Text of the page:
24 24 Step 7 - Decide whether to impute values on other members of the same household It may occur that questions of interest have answers only for part of an age group (e.g. for only one child in each household). For example questions on child discipline in the MICS are only asked about one child between 2 and 14 years per household. In such an event, the following choices can be made: Assign indicator values only to children who have information on the indicator Assign indicator values to all children of the same household Assign indicator values to some children of the same household, imputing data only on those who belong to the same gender/(age) group Step 8 - Perform a correlation test and select the final indicators Step-by-step Guidelines to MODA

25 25 Step 9 - Decide how to weight indicators and how to aggregate them into dimensions Aggregation methods: Union approach; Intersection approach; Intermediate cut-off approach; where y k is the deprivation status of a child i depending on the cut-off point K; D i is the number of deprivation each child i experiences; d is the total number of possible deprivations. CC-MODA uses the union approach to aggregate indicators in dimensions, because each deprivation is relevant to the well-being of the child. Step-by-step Guidelines to MODA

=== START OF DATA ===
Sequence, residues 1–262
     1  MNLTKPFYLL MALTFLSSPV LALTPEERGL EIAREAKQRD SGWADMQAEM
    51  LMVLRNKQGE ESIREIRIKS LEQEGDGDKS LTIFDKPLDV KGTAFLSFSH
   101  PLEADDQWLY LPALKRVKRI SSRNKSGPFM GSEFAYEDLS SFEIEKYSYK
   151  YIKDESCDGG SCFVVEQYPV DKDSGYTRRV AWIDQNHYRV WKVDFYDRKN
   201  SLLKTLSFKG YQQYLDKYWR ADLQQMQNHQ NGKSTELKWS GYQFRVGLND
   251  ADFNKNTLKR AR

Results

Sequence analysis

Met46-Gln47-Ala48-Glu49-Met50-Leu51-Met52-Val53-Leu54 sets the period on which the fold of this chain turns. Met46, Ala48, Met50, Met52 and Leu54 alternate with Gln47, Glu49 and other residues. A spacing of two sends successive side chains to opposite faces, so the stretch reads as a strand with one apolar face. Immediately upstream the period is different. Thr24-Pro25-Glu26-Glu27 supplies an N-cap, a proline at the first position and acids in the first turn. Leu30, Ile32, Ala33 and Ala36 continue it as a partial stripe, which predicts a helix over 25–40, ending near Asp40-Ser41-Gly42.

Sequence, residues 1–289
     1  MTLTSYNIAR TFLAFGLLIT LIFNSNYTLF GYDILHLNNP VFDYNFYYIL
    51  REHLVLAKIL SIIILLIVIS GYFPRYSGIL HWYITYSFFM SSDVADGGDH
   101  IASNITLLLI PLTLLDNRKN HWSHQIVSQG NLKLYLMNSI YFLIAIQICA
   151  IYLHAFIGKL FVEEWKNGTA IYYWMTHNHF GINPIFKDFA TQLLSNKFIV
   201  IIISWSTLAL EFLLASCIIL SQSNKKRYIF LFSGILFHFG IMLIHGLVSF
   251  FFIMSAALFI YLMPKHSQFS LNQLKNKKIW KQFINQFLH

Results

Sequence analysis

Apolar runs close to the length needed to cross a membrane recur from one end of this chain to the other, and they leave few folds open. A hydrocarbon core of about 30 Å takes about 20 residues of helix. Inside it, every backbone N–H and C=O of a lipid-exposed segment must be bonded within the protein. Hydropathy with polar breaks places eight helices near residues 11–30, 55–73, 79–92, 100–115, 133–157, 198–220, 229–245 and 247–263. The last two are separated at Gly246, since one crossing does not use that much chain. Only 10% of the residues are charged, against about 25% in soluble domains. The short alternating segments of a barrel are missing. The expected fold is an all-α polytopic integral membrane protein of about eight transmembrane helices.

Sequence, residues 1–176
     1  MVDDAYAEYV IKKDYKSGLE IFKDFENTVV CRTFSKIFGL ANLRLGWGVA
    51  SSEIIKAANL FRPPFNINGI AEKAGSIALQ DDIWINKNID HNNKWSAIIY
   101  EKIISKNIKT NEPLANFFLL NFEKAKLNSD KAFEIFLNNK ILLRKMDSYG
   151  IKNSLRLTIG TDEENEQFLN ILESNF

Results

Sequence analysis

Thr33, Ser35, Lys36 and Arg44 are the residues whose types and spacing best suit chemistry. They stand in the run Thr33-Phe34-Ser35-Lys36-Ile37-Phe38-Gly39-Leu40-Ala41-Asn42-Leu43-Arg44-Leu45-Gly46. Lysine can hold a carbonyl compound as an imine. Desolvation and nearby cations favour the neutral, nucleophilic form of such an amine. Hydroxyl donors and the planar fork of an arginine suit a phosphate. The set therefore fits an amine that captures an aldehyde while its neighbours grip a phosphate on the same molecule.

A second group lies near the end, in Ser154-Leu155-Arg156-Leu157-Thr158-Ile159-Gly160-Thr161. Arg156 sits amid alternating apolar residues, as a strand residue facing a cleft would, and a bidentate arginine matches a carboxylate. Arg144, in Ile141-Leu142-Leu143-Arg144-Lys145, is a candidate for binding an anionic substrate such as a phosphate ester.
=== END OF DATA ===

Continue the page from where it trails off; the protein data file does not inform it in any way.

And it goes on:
26 26 Step 9 - Decide how to weight indicators and how to aggregate them into dimensions Step-by-step Guidelines to MODA Deprivation indicators in water dimension Uganda (DHS 2010 ) Drinking water source Total: 43.0% Only source: 29% Distance to water Total: 29.8% Only distance: 15.8% Intersection: 14.0% Union: 58.8%

27 27 Step 10 - Decide how to weight dimensions Weights can be used to indicate the relative importance of different deprivations. The following weighting methods are used: Equal weighting; Data driven weighting (e.g. frequency based, most favorable, statistical and regression based weighting); Normative-based weighting. CC-MODA does not assign any explicit weights to dimensions when counting the deprivations each child suffers from. It should be noted that implicitly equal weights are assigned. This method is chosen, because it reveals exactly which deprivations children are facing, making severity and overlap analyses feasible and transparent. Step-by-step Guidelines to MODA